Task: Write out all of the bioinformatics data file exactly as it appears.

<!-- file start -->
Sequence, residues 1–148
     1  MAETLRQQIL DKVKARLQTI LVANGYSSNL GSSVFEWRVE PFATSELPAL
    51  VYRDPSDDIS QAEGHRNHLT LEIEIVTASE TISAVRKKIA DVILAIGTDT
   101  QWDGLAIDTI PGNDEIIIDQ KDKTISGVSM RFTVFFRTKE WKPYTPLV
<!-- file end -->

Sequence, residues 1–148
     1  MAETLRQQIL DKVKARLQTI LVANGYSSNL GSSVFEWRVE PFATSELPAL
    51  VYRDPSDDIS QAEGHRNHLT LEIEIVTASE TISAVRKKIA DVILAIGTDT
   101  QWDGLAIDTI PGNDEIIIDQ KDKTISGVSM RFTVFFRTKE WKPYTPLV